“We are turning to socialism and away from God!” Joseph Grab said as he stood amid the thousands who gathered on Capitol Hill today to attend Michele Bachmann’s “House Call” protest against the health care reform bill. Grab, a retired engineer from Hershey, Pennsylvania, was clutching a leather-bound King James in his hand and a green sign that simply said “Pray” in the other.
On Wednesday, Dan Tarullo, a governor of the Federal Reserve and distinguished law school professor, dismissed breaking up big banks as “more a provocative idea than a proposal” and instead put almost all his eggs in the “creation by Congress of a special resolution procedure for systemically important financial firms.” He stressed: “We are hopeful that Congress will, in its legislative response to the crisis, include a resolution mechanism and an extension of regulation to all systemically important financial institutions” (full speech). This put him strikingly at odds with Mervyn King, gove
The Book of Genesis Illustrated by R. Crumb (W.W. Norton, 224 pp., $24.95) A certain amount of sensationalistic misinformation was circulated in the press last spring, here and in England, when word got out that R. Crumb had done an illustrated version of Genesis. Crumb was the leading innovative figure of the underground comics movement of the late 1960s and has enjoyed a devoted following ever since. His graphic work, always memorable, is often physically aggressive, raunchy, and sexually explicit.
The Susan in question is Susan Rice. And, according to a New York Times article by Neil MacFarquhar, it's Stewart Patrick who gives her the good grades. Rice is U.S. Ambassador to the United Nations. So who is Patrick? He is one of those hundreds of I.R. wonks in Washington who moves from fellowship to fellowship, eating up foundation money, and ends up being an expert in what actually amounts to nothing or maybe, just maybe, the same thing: "multilateral cooperation in the management of global issues; U.S.
Near the end of Maurice Sendak’s classic Where the Wild Things Are, as young protagonist Max is abandoning the fantastical creatures who have crowned him their king, the Wild Things plead, “Oh please don’t go--we’ll eat you up--we love you so.” The line neatly captures one of the central insights of Sendak’s slim masterwork: the close proximity in the preadolescent mind between affection and aggression, between the loving and the eating. Spike Jonze’s film adaptation, which he co-wrote with Dave Eggers, expands Sendak’s tale considerably, but rather than lose track of this insight, the movie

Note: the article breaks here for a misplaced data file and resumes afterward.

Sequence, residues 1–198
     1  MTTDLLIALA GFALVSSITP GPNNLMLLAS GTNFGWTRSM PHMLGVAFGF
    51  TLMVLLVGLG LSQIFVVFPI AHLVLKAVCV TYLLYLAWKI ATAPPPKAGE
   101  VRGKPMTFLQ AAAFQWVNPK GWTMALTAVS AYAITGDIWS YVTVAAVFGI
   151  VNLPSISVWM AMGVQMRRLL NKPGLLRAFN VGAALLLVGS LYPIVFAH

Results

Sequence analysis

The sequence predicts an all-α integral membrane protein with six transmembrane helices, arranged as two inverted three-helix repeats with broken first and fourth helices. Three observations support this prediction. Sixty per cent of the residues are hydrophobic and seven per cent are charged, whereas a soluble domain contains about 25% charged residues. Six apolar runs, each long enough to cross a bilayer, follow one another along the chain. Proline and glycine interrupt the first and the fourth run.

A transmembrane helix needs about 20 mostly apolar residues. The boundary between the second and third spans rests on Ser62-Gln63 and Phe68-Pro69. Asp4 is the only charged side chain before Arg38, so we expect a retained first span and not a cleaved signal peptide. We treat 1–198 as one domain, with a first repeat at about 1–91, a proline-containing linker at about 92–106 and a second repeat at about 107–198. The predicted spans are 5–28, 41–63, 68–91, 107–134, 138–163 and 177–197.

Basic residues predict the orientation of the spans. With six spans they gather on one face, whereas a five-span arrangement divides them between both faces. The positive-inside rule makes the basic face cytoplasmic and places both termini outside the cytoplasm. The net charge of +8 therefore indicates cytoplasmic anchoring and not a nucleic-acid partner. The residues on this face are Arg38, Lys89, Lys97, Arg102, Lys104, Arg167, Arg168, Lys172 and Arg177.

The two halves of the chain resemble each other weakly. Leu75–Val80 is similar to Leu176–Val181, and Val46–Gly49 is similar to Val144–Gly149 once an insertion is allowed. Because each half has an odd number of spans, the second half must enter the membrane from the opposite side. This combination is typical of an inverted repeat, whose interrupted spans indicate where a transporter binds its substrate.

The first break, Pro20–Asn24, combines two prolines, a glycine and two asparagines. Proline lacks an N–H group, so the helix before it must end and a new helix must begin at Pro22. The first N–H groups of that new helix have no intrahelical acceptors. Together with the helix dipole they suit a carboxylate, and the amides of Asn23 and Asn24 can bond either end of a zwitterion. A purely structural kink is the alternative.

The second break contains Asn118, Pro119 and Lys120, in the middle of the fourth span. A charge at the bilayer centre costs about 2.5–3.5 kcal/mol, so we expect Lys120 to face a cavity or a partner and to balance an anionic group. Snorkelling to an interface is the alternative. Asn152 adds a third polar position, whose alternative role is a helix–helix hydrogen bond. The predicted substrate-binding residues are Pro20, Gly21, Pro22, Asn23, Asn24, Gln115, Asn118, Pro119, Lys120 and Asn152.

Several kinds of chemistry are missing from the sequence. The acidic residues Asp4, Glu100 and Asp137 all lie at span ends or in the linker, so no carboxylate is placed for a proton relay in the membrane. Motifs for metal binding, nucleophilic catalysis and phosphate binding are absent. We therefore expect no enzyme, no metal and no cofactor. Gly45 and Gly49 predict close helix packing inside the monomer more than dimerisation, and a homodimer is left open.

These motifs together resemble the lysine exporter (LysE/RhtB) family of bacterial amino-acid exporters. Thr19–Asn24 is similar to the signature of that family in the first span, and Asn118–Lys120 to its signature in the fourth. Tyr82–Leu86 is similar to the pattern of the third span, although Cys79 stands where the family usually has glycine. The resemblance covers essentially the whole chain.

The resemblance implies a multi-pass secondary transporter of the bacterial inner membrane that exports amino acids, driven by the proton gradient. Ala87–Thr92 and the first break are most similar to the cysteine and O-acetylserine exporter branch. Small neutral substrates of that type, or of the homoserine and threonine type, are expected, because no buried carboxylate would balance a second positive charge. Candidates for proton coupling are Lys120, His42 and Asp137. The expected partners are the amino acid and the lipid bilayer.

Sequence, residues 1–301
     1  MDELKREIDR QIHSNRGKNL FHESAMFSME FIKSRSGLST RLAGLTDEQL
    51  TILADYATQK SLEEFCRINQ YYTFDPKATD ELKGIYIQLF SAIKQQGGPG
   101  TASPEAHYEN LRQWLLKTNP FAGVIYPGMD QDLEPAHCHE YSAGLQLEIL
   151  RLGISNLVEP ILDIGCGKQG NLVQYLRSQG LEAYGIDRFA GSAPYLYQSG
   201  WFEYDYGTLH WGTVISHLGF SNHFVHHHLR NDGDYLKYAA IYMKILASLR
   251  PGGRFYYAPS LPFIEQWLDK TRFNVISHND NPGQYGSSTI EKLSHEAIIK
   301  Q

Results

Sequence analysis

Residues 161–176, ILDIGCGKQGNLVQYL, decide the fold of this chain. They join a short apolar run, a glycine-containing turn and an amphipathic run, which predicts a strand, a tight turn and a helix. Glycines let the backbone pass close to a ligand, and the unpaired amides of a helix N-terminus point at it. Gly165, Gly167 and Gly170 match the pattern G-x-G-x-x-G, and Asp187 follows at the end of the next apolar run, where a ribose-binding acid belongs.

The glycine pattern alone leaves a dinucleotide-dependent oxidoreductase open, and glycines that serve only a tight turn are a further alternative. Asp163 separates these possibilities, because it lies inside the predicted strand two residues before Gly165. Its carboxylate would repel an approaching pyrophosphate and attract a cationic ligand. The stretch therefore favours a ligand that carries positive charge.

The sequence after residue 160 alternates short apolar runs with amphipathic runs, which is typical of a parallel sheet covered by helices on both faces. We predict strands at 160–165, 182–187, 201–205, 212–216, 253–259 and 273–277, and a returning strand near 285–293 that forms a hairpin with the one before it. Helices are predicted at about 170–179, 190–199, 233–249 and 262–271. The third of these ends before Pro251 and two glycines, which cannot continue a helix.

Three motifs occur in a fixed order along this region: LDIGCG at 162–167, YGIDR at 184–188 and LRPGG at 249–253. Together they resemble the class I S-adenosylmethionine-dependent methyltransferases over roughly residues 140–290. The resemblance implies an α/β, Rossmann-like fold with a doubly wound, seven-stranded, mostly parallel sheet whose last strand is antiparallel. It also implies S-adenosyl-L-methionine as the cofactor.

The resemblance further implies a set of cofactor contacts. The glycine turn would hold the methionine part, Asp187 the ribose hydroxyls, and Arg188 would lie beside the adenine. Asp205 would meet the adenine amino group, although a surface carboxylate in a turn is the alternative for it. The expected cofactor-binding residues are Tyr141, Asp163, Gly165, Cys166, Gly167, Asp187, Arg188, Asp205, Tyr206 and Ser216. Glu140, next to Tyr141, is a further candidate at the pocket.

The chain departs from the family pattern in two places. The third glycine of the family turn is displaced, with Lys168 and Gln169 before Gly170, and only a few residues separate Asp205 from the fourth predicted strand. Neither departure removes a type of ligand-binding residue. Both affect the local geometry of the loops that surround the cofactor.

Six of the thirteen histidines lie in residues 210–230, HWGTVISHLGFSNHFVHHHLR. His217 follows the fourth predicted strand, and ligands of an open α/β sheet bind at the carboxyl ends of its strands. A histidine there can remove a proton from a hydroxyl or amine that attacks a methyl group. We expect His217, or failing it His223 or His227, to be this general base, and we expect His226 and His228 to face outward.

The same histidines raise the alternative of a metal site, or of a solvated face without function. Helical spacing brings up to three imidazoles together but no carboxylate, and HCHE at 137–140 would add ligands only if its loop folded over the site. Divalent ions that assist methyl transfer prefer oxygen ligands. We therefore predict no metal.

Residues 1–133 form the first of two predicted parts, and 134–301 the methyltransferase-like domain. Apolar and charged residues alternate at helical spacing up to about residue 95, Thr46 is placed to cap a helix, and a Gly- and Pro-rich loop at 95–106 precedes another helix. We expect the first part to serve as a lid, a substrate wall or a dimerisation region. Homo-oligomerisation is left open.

Yes, you read it right. Here is the essence: If the Saudis (and other OPEC producers) export fewer hydrocarbons, the buyers should still pay as if they were purchasing the old amount. They should pay what the Saudis could charge when the market was tight and the demand high, and the arrangements should not made in the Arab bazaar, but by treaty. It's a nice world that Riyadh lives in. Perhaps this is King Abdullah's gracious response to President Obama's servile bow. "Less global warming would be good, right?" ask Jad Mouawad and Andrew C. Revkin in a report in Tuesday's Times.
Recently, several conservatives have been lashing out at a favorite new target: Kevin Jennings, the Obama administration's openly gay "safe schools czar." Both Sean Hannity and Republican Congressman Steve King have called for Jennings to be fired or to resign. Their main beef? That Jennings didn't contact authorities when, as a high school teacher in Massachusetts in the 1980s, a male student confided in him about a sexual encounter with an older man.
Network neutrality--that’s now the official policy of the Obama administration, announced last month by the new chairman of the Federal Communications Commission (FCC), Julius Genachowski. It’s a development that could be more significant to the future of free speech than any milestone since the Supreme Court’s decision in New York Times v. Sullivan in 1964. The essence of net neutrality seems simple: Internet service providers should be required to treat all data equally and avoid blocking or delaying any sites or applications.
Camp Julien is surrounded by reminders of Afghanistan’s past. The coalition military base--which sits in the hills south of Kabul, just high enough to rise above the thick cloud of smog that perpetually blankets the city--is flanked by two European-style palaces built in the 1920s by the modernizing King Amanullah. Home to Soviet troops and mujahedin during the past decades of war, the now-crumbling palaces are littered with bullet holes and decorated with graffiti in multiple languages.
The Information Master: Jean-Baptiste Colbert's Secret State Intelligence System By Jacob Soll (University of Michigan Press, 277 pp., $65) That resonant piece of verbal shorthand, TMI--or Too Much Information--would make a fine epigraph for our age. Anyone with an Internet connection today has access to exponentially greater quantities of writing, images, sound, and video than anyone on earth could have imagined just twenty years ago.